Note in Fig. 3 that, in all three compilations of deep-sky objects, diffuse nebulae with diameters greater than a few hundred light years are rare. Since the Hipparcos main sequence dataset used in Ref. 8 includes stars in a ~500 light year diameter sphere, Fig. 3 does not support the Spiral Arms Density Wave hypothesis.

But there is worse news for this hypothesis, also derived from Hipparcos data. Giant stars are considerably brighter than their less evolved counterparts on the main sequence and
are consequently visible over greater distances. Richard Branham, an astrophysicist based in Argentina, has analyzed the kinematics of thousands of giant stars in the Hipparcos data set [14]. His conclusion that Parenago’s Discontinuity is present in these results is demonstrated in Fig. 4.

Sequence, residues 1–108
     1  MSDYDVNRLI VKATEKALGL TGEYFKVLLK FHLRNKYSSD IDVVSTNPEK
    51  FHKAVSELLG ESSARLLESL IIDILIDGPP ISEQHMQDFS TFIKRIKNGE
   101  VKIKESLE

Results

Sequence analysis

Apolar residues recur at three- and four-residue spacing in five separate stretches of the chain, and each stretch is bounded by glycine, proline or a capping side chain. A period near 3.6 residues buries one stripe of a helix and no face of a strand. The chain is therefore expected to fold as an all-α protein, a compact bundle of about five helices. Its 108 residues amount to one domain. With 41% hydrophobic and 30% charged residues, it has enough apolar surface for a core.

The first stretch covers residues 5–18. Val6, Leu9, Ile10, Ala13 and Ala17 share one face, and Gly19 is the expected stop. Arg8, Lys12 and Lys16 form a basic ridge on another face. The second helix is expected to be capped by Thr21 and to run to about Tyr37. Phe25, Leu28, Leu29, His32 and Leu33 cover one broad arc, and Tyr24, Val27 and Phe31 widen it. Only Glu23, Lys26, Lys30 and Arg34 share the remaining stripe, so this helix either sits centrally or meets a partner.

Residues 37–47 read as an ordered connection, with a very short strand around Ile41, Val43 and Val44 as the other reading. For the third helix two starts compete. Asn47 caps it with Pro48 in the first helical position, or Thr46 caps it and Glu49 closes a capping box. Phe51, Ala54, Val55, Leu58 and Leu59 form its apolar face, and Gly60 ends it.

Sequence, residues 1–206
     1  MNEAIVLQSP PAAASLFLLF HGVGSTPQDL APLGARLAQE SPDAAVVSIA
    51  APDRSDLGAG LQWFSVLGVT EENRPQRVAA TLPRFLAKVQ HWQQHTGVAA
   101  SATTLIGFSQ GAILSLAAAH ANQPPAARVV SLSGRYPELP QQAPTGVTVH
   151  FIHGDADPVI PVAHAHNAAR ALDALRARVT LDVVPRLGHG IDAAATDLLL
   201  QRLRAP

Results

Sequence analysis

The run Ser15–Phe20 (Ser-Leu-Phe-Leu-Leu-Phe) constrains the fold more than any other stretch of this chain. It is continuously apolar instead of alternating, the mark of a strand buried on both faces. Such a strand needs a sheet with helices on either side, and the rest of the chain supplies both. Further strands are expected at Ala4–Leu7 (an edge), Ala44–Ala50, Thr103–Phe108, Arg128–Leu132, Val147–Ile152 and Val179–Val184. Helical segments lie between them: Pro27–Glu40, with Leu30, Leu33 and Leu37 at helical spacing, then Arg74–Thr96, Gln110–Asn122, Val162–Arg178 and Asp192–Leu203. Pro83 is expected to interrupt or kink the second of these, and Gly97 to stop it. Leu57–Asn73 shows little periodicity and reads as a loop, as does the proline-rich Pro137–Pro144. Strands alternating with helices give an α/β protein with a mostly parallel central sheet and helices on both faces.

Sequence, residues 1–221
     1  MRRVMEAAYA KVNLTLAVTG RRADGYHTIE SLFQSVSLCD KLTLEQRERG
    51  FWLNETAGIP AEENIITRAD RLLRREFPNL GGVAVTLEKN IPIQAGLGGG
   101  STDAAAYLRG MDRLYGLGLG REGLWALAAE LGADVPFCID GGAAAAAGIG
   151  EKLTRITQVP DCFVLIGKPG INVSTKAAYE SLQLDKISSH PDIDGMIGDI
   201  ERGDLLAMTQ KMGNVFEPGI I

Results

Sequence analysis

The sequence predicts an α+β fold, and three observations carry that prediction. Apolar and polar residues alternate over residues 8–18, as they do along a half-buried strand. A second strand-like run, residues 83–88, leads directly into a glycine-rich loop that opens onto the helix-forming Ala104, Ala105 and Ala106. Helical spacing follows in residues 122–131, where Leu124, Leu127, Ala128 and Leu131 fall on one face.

Fig 4: Giant Star Motion (V) in Direction of Sun’s Galactic Revolution. The reduction of Branham’s data to produce Fig. 4 is discussed in Chap. 23 of Ref. 12.


Note that Fig. 4 is not as neat as the corresponding results for main sequence stars in Fig. 2. This may be due to uncertainty in the > 1,000 light year distance estimates for many of the stars in Branham’s Sample.

An interpretation of the above results is that a local explanation for Parenago’s Discontinuity is unlikely. Existing galactic diffuse nebula are simply too small (and widely separated, as discussed in Ref. 12) to produce a stellar kinematics anomaly over a radius greater than 1,000 light years.